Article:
1. Download the FREE Lite version of DLI_SNUB-Launcher to the host Mac.
  2. Unzip the downloaded file.
  3. Copy the enclosed DLI_SNUB-Launcher to the LightWave3D11.0 folder:
    /Applications/NewTek/LightWave3D11.0
  4. Copy the included DLI_SuperBalls folder to the desired location. In the following examples we’ve copied it to the top level of an external hard drive named ExternalHD on the host Mac.
  5. Download OSX ScreamerNet Controller. [NOTE: Jonathan Baker has discontinued his OSX ScreamerNet Controller but DLI_SNUB-Launcher still works with LightWave's built-in controller and may also be used with any other network controller that's compatible with manually launched LightWave Mac LWSN Network Nodes.]
  6. Unzip and install OSX ScreamerNet Controller

Setting up the LightWave3D Folder & ScreamerNet Config Files

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In this example we will set up a custom ScreamerNet Preferences folder specifically for use with ScreamerNet so that it doesn’t interfere with LightWave Layout’s own config files.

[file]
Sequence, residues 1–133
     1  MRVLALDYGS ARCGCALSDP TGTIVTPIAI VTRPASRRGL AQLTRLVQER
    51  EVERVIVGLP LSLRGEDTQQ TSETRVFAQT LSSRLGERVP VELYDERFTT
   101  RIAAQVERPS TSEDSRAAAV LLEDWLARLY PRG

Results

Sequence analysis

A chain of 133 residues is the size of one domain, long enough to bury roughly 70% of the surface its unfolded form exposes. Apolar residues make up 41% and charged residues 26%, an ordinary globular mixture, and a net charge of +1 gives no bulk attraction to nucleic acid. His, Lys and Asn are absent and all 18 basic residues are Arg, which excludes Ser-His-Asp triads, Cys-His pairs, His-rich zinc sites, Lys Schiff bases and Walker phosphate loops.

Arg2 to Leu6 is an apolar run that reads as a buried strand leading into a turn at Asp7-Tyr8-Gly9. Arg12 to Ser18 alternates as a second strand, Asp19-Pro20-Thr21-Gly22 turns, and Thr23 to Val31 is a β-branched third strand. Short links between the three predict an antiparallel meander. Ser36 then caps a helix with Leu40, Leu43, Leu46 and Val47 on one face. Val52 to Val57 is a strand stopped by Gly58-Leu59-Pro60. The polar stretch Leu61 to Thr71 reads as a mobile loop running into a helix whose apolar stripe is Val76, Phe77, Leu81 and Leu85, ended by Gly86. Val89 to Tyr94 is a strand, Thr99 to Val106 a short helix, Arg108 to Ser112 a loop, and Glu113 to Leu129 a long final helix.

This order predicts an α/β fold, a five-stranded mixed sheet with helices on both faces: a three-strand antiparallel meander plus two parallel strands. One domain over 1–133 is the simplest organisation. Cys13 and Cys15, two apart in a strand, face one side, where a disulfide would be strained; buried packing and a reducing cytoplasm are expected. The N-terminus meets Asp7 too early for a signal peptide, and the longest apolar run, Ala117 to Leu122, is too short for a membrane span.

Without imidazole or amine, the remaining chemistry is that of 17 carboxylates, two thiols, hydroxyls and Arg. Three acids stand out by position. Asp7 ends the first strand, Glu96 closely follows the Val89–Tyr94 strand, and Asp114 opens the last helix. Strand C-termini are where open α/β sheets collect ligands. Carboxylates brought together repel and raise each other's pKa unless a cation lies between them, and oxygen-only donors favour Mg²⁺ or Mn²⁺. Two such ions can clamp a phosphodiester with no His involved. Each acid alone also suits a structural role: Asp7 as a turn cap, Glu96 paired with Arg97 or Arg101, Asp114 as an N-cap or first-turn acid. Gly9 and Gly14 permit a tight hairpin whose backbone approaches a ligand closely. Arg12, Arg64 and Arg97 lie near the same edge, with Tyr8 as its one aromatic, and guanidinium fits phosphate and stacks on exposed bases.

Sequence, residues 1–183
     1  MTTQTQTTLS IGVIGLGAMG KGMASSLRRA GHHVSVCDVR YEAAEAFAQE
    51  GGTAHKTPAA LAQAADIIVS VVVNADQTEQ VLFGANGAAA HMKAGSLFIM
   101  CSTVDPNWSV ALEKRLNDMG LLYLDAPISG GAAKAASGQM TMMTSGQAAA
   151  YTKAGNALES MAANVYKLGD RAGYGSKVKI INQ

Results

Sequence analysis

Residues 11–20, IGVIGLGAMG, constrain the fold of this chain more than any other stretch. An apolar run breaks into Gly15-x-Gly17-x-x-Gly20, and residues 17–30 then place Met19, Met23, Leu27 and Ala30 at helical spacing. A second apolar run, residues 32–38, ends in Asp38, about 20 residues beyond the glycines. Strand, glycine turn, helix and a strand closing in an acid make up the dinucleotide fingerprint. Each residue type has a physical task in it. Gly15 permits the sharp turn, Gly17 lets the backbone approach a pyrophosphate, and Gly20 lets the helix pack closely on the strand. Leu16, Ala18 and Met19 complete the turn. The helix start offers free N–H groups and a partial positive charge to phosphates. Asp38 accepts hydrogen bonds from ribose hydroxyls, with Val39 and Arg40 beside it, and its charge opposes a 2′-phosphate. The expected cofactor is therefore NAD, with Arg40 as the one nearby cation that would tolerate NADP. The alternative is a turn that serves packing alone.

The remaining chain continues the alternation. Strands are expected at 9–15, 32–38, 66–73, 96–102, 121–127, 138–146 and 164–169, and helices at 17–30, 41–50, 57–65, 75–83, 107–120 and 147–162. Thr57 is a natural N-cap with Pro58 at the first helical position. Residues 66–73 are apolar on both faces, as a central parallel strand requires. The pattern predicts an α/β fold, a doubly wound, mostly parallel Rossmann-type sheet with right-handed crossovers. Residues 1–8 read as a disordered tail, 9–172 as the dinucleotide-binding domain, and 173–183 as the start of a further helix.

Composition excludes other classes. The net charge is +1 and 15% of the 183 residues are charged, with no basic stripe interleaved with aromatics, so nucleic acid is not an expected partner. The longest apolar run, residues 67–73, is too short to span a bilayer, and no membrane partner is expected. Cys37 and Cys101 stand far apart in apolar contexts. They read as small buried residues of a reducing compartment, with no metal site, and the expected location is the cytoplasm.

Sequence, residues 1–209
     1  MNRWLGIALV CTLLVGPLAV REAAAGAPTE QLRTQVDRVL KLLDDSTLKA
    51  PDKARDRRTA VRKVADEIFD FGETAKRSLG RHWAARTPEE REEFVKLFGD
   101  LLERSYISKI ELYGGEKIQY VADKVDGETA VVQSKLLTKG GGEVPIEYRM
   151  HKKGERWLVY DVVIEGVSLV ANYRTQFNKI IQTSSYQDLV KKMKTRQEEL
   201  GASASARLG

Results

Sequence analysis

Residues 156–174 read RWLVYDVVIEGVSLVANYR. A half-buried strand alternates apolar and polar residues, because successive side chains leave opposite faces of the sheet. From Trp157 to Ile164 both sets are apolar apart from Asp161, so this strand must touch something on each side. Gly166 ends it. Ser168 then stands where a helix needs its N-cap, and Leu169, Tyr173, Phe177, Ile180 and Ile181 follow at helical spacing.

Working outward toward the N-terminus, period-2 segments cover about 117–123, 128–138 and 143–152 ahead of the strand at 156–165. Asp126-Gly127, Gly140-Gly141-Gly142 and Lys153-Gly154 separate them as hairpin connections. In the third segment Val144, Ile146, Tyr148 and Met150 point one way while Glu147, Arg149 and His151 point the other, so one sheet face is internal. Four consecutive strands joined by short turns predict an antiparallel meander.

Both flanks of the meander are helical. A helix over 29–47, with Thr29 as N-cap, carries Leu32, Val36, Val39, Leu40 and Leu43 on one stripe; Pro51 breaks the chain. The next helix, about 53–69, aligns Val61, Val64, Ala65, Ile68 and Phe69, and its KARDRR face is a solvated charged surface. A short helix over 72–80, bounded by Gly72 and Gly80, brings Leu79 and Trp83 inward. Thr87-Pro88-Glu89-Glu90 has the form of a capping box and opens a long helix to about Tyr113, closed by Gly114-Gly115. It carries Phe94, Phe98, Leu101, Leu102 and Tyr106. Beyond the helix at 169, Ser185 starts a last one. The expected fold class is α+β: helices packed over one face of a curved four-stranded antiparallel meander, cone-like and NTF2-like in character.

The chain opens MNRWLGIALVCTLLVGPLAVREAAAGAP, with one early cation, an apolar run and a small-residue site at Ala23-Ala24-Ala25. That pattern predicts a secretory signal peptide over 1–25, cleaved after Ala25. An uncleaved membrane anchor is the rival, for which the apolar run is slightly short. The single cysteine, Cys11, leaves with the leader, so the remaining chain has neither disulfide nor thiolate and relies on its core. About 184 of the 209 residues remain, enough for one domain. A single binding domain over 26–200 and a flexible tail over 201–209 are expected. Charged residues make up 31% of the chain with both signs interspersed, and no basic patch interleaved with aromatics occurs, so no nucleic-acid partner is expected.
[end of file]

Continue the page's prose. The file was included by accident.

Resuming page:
For more information about config files see Managing LightWave’s All Important Config Files.

  1. Open the LightWave folder on the host Mac: /Applications/NewTek/LightWave3D11.0
  2. Create a new folder inside this LightWave3D11.0 folder and name it Preferences, if there’s not already a Preferences folder there.
  3. Launch /Applications/NewTek/LightWave3D11.0/Layout.
  4. Open Render->Options->Render Globals and set the Segment Memory Limit to at least 32.
    See Default Segment Memory for more information.
  5. Click Yes when asked if this should be the new default setting, or it won’t be saved.
  6. Click the Render tab and set Multithreading to the number of render threads you would like to use on each render node or set it to Automatic so that each ScreamerNet lwsn node will use all available threads on each remote rendering Mac. See Multithreading for more information.
    Multithreading Setting on Render Options panel
  7. Quit LightWave Layout to save the config files.
  8. Duplicate the Preferences folder inside the LightWave3D11.0 folder
    and rename it SNPreferences. We’ll later use this SNPreferences folder as the config folder for all of the ScreamerNet lwsn instances.

Setting up the Mac OS X Network for Rendering